What People Don’t Mention About Community College

A large number of Sweet Home seniors decide that going to a community college is the best fit for them.

In New York state, the number of students at a community college was 199,873, the majority of undergraduate students in the state.

Mr. Hayes, a technology teacher at Sweet Home, shared his personal opinion on the perks of going to a community college and his conclusion on why many teachers and counselors never suggest a two year school to students. 

Community colleges are a great option, sometimes the only option. Mr. Hayes, who attended a community college, mentions that they are often more affordable and can be closer to home while offering a smooth transition for students that may change their mind. Seniors may feel pressured to go to a four year school and spend thousands for a major they don’t fully like. Changing majors after a semester can be challenging, classes may fill up quickly and the school may require students to pay back costs for classes they did not connect with.

Community colleges offer students the opportunity to feel curious and to feel uncertain. All students can experience a certain fear of the future, especially when one is young and undecided.

There’s always been a negative presumption that community colleges don’t offer the best programs and educational opportunities or that the credits won’t transfer. However, Mr. Hayes debunks that, he strongly encourages students to write down the programs, credits and anything else one has done throughout their semesters.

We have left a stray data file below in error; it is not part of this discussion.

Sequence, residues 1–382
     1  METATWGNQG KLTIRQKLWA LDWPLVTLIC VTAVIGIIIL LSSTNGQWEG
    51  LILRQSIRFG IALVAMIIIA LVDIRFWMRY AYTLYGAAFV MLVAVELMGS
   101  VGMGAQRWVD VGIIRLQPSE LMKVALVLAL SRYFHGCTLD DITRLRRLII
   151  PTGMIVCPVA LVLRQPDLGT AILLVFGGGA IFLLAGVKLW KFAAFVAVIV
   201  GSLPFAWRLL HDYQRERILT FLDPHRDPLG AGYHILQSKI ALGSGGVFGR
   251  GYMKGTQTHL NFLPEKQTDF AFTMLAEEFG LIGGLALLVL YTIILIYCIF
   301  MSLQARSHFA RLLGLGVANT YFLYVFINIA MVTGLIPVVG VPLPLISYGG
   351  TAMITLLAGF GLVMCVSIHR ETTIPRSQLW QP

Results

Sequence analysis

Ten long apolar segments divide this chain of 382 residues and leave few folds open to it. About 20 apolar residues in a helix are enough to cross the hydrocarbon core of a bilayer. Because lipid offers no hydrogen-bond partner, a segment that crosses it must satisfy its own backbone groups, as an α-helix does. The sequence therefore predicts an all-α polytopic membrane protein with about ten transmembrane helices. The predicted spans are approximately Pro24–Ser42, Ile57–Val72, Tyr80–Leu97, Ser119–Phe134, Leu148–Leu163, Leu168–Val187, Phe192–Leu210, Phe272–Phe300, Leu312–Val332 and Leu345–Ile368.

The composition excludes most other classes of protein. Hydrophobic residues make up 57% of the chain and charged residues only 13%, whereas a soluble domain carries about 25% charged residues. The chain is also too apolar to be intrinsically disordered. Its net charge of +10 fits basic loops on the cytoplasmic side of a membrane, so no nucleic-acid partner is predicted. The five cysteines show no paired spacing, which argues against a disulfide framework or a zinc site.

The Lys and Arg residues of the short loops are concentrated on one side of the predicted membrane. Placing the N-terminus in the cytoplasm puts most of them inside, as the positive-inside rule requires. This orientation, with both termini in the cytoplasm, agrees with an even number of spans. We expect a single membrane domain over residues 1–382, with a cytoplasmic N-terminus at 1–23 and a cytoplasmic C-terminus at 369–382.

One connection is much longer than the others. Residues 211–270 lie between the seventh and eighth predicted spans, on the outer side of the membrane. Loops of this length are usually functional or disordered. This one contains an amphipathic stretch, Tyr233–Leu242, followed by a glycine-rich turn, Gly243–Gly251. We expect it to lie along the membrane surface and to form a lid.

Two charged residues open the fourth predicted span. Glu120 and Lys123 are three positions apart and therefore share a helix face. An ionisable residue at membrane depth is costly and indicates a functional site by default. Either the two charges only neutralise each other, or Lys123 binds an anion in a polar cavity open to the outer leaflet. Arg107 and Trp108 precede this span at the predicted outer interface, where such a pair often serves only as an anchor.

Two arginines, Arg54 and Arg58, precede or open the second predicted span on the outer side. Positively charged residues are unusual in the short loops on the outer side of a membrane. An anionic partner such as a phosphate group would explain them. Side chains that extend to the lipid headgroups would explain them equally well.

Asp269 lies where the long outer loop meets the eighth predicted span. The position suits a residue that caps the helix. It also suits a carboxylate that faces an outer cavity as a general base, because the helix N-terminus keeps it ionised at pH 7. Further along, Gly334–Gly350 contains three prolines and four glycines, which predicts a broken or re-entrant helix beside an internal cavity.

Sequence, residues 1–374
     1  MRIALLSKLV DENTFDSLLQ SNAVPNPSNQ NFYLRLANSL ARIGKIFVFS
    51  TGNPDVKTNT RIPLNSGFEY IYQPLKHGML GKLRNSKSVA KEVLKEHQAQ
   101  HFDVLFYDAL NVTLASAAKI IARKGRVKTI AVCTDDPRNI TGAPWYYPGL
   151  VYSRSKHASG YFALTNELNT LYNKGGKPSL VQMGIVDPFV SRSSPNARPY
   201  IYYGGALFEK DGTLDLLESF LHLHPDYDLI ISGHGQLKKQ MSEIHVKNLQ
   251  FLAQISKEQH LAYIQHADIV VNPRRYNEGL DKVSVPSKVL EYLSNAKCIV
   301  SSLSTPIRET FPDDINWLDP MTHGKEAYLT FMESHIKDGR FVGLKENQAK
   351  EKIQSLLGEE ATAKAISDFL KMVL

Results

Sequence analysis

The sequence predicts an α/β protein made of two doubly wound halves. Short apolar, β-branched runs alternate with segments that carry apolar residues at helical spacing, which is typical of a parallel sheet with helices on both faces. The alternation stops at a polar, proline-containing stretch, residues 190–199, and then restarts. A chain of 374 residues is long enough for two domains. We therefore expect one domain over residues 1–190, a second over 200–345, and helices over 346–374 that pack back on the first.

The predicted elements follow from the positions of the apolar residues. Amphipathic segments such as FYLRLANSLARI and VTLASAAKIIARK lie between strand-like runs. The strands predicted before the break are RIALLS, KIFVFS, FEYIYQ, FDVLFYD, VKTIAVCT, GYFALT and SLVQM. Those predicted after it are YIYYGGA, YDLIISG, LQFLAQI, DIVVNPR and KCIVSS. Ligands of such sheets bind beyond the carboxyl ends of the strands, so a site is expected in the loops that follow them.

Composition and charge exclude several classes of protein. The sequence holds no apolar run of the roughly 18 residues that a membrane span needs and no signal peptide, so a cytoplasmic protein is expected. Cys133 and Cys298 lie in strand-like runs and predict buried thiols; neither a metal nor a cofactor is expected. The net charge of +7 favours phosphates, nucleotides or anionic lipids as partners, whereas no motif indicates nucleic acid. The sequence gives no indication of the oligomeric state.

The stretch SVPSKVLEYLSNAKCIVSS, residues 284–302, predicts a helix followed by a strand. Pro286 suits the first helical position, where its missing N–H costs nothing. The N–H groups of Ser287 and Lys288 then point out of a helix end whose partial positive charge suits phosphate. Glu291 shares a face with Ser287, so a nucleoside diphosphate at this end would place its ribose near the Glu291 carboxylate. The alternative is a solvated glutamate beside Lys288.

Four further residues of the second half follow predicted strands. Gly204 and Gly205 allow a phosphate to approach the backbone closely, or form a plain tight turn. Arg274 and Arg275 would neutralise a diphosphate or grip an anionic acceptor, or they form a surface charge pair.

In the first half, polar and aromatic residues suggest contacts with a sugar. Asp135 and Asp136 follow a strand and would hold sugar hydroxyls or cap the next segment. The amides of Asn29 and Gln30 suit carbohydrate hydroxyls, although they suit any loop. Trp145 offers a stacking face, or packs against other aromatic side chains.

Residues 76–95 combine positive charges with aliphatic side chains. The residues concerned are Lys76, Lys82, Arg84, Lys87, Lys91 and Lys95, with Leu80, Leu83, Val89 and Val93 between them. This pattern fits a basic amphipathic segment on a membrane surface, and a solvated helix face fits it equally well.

It is ones responsibility, just like in high school with AP and NU credits, to make sure they are accepted and transferable. He also suggests that students call the schools they may want to transfer to and make sure their credits will transfer.

Credit agreements solves many of these issues. For example, Erie Community College cooperates with the University at Buffalo where students who take courses at the community college for two years are automatically accepted into the University. Seniors can find the majors that take part in dual enrollment through collegiate admissions offices and their websites.

Many adults don’t give enough credit to community colleges because of their modest campuses. When asked about this issue, “lack of financial support doesn’t affect students adversely, schools can do a lot with a little. When a program does well more money is available to them.”

Advocates of community colleges also say that teachers are more student oriented, specifically toward undergraduates. It should also be noted that some seniors may not be mature enough for a four year university, who have extremely high expectations. Moreover, students can easily ask questions with ample access to professors and can participate in a smaller, less intimidating class.

The lack of information students are given about community colleges is unfair and sometimes students can be mislead. I asked Mr. Hayes why it was so rare for counselors to mention them as a good option. He concluded that it’s because getting into them is relatively easy and ended with a word of advice. “Don’t go home!” If one has questions or concerns, they should never to leave empty handed. 

A previous version of this article inaccurately referred to dual enrollment. This is not necessarily the case.

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